Old    Manzo (zo1)      Join Date: Aug 2002       01-22-2010, 8:22 AM Reply   
Who said big business was a bad thing? Can we all agree that the very large majority of people in this country are greatly influenced in their decisions by advertising? That said how is it beneficial to have any advertising campaigns for politicians?

I think the solution is more along the lines of no commercials et al but rather a string of heavily attended, publicly available debates and forums to get the various messages out to the public.

I also think that we can take a cue from France and not have such a long timeframe between the end of the primaries and the general election. This would alleviate the special interest groups from hammering one canditate while heavily endorsing another.
Old    Rob VLX (skull)      Join Date: May 2002       01-22-2010, 8:38 AM Reply   
Why not ban all advertising altogether then? Let beer makers get together and debate their beers in public attended debates. Global warming propaganda ads should be banned and debates could be scheduled in major cities with both sides of the story.

That just doesn't make sense to me.... Ban political ads? Again, sounds un-American to me. People that WANT to understand the issues will manage to get informed. People that don't won't. I want to hear all viewpoints and ads from the private sector are fine with me.
Old    Nate (mammoth)      Join Date: Apr 2005       01-22-2010, 8:53 AM Reply   
I applaud this decision. Finally, corporations and not just labor unions get a true say in the process.

Wow...did you really say that? Corporations haven't had a say in our political process?
Old     (fogey)      Join Date: Mar 2002       01-22-2010, 8:57 AM Reply   
Ban political advertising? Really? Give people less information before they vote? Then how will the electorate get information on issues and candidates' positions on those issues?

Debates? We haven't seen a true "debate" by candidates in ages. These events are orchestrated precisely to prevent transmitting any detailed substantive information. In addition, only the candidates get to talk at debates. How will other people have an opportunity to express their views if there are no ads?

Having said all this, I must admit some misgivings about the potential result of the decision WRT campaign contributions and buying favorable treatment from politicians. I'm not ready to sacrifice the 1st Amendment, but I really would like to see a law that:

1. Strictly limits the use of campaign contributions to the recipient candidate's actual campaign costs; and

2. Requires every dime of unused campaign contributions to be turned over to the federal treasury within 30 days of the election.
Old    Someone Else (deltahoosier)      Join Date: Jun 2002       01-22-2010, 10:04 AM Reply   
Who said big business was a bad thing?

Basically every liberal minded person I hear starts sentences with Big Business and Big Oil or Big this and that. Then they continue with how they are screwing so and so. They just parrot what someone told them without any substance. There is an in between. Nothing is always bad or always good. Big businesses and corporations are very important to job creation and growth. Obama and his company like to play class warfare and use Corporations as the boogey man.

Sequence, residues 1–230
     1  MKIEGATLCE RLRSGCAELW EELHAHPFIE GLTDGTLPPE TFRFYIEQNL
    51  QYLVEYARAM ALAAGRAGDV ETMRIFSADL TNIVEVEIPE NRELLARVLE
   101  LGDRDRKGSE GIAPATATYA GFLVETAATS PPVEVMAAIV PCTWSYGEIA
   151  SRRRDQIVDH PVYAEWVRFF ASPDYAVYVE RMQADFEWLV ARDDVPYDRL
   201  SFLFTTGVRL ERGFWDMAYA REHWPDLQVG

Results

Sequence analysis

Old    Strib (baldboarder)      Join Date: Aug 2002       01-22-2010, 6:09 PM Reply   
I am not very smart, but I believe I am smart enough to see through some of these stupid ads. Too bad much of the general public is not that smart. I think the Supreme Court has it right on. Let everyone advertise, but identify who the advertisers are.
Old    David Williams (wakeworld)      Join Date: Jan 1997       01-22-2010, 8:27 PM Reply   
I don't understand how so many get worked up over the repeal of a law that was implemented in 2002, as if we weren't able to hold a fair election until this "amazing" law came about. How were we able to fairly elect people before 2002? Am I missing something?

Kind of reminds me of the the "urgency" behind getting healthcare reform passed. Somehow we survived over 200 years without universal healthcare, but all of the sudden it has to be passed immediately or the entire country will instantly disintegrate.
Old    GD (greatdane)      Join Date: Feb 2001       01-22-2010, 8:54 PM Reply   
I think the preferred answer is...

ONLY INDIVIDUALS CAN CONTRIBUTE

If an organization wants to have it's followers represented then they can pass money to their followers so they can contribute as individuals with a common cause.

Every person gets 1 vote. Every person can contribute up to N dollars.
Old    GD (greatdane)      Join Date: Feb 2001       01-22-2010, 8:58 PM Reply   
David, we are more sold out today than any other time. We have a government of the people, by the lobyists and for the lobyists.
Old    Scott (magicr)      Join Date: May 2004       01-22-2010, 10:37 PM Reply   
"Kind of reminds me of the the "urgency" behind getting healthcare reform passed. Somehow we survived over 200 years without universal healthcare, but all of the sudden it has to be passed immediately or the entire country will instantly disintegrate"